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Clin Microbiol Infect. 2008 Jan;14(1):29-34. Epub 2007 Nov 6.

Prevalence of methicillin-resistant Staphylococcus aureus among veterinarians: an international study.

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  • 1Department of Medical Microbiology, Nijmegen University Centre for Infectious Diseases, Radboud University Nijmegen Medical Centre, Nijmegen, The Netherlands. mireille.wulf@gmail.com

Abstract

Pig farmers and veterinarians in contact with livestock in The Netherlands have a higher risk of methicillin-resistant Staphylococcus aureus (MRSA) carriage than the general population. The objective of this study was to investigate whether this is also true for other professionals in contact with pigs in an international setting. A convenience sample of 272 participants at an international conference on pig health in Denmark was screened for MRSA carriage using combined nose/throat swabs and were asked to complete a questionnaire concerning animal contacts, exposure to known MRSA risk-factors, and the protective measures taken when entering pig farms. In total, 34 (12.5%) participants from nine countries carried MRSA. Thirty-one of these isolates were non-typeable by pulsed-field gel electrophoresis following SmaI digestion of chromosomal DNA. All of the non-typeable isolates belonged to spa types (t011, t034, t108, t571, t567 and t899) that correspond to multilocus sequence type 398. All of the above-mentioned spa types, with the exception of t899, have been isolated previously from either Dutch pigs, pig farmers and/or veterinarians. Protective measures, e.g., masks, gowns and gloves, did not protect against MRSA acquisition. Transmission of MRSA from pigs to staff tending to these animals appears to be an international problem, creating a new reservoir for community-acquired MRSA (CA-MRSA) in humans in Europe, and possibly worldwide. The rise of a new zoonotic source of MRSA could have a severe impact on the epidemiology of CA-MRSA, and may have consequences for the control of MRSA, especially in those countries that maintain a low prevalence by means of search-and-destroy policies.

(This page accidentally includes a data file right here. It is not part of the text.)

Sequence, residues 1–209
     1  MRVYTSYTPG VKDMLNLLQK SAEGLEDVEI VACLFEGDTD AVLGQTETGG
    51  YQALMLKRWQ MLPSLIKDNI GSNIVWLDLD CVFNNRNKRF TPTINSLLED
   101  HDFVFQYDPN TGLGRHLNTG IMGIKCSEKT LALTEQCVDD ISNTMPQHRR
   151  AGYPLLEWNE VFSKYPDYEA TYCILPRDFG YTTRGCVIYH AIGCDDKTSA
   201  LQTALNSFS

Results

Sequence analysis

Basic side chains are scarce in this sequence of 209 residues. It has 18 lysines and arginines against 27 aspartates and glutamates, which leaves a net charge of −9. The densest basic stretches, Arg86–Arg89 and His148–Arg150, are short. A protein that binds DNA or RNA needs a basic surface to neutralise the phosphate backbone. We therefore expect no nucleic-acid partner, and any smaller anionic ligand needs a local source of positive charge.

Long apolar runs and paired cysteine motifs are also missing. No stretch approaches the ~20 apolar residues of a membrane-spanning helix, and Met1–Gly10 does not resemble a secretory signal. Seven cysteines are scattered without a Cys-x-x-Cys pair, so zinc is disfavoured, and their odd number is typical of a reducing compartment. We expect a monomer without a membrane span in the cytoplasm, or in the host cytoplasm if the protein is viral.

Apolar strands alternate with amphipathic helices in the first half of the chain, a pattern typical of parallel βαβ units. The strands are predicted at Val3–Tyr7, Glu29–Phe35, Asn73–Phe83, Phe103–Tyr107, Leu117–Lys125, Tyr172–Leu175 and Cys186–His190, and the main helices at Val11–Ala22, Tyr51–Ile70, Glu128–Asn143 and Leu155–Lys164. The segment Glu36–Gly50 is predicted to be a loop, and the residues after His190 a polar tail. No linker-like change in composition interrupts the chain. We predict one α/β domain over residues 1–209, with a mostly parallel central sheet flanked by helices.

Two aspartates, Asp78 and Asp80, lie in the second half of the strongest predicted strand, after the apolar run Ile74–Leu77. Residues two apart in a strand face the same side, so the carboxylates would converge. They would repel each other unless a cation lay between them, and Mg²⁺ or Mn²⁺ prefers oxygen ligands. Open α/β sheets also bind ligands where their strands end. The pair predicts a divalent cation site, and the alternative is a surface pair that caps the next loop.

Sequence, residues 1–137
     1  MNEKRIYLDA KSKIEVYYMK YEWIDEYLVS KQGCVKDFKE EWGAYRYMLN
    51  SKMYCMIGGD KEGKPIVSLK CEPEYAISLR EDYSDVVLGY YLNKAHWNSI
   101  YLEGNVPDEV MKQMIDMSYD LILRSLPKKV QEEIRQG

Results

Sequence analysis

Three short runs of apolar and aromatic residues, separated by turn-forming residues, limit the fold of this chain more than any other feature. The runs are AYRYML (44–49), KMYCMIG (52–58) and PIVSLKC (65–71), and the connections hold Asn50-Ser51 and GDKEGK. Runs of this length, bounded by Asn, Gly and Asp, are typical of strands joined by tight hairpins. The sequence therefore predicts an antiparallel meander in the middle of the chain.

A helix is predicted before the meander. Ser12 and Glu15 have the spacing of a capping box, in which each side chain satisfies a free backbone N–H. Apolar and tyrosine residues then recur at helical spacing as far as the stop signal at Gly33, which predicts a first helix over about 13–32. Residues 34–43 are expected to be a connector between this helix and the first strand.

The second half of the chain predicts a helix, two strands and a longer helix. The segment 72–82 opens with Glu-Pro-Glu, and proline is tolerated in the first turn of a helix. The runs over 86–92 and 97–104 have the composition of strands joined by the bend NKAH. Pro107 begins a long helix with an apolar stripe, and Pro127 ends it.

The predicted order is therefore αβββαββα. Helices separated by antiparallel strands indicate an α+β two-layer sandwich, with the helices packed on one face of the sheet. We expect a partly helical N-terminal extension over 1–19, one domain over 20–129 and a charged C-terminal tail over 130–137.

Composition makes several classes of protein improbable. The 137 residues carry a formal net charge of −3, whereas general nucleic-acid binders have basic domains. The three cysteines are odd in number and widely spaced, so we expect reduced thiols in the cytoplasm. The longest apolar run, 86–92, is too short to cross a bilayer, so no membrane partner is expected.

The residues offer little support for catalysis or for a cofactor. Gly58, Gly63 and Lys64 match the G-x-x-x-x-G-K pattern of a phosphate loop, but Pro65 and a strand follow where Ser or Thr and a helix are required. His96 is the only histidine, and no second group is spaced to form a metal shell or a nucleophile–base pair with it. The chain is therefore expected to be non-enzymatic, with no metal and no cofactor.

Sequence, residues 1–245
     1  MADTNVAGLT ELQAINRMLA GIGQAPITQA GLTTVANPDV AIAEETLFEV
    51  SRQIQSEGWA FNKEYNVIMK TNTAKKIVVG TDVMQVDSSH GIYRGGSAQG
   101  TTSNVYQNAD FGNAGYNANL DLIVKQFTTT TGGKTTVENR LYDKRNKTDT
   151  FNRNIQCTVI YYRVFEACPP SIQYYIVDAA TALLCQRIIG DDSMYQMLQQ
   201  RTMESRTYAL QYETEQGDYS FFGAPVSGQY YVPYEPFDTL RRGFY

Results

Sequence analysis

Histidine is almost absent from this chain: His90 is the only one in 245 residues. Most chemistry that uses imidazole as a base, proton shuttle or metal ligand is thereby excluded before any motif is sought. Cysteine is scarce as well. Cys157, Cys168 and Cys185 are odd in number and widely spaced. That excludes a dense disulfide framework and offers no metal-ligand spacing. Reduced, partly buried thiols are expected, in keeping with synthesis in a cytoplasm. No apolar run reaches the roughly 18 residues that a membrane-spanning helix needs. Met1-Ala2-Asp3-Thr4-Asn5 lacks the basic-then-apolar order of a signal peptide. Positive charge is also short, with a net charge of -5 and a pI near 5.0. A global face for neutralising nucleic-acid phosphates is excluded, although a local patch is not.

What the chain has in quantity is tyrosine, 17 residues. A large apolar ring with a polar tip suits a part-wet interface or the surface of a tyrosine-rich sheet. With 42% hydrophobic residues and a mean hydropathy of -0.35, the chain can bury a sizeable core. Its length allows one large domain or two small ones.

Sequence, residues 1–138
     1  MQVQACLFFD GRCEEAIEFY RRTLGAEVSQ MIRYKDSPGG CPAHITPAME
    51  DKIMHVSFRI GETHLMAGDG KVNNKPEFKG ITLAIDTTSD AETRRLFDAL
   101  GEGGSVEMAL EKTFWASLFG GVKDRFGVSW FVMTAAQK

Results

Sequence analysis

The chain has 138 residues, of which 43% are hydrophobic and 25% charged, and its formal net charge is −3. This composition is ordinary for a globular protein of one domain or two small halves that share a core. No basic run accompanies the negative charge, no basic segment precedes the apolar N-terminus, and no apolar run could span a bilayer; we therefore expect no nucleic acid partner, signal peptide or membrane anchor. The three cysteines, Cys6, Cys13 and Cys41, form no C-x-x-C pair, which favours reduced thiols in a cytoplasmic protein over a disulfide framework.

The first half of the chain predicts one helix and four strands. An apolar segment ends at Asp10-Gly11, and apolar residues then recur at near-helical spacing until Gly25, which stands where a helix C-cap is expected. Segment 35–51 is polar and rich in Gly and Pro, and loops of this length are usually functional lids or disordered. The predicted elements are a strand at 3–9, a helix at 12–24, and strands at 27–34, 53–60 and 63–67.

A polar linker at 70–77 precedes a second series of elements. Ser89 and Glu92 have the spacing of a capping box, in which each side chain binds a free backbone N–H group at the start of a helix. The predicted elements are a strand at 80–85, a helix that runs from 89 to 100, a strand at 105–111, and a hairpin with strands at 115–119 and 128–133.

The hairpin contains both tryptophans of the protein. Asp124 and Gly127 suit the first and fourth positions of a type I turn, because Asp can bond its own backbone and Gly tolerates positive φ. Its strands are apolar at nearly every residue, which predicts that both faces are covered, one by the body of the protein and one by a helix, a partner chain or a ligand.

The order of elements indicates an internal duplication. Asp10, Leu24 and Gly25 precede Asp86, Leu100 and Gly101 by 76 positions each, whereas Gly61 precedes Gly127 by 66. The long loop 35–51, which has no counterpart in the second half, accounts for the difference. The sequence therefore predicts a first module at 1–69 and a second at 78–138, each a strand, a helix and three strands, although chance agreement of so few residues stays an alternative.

PMID:
17986212
[PubMed - indexed for MEDLINE]
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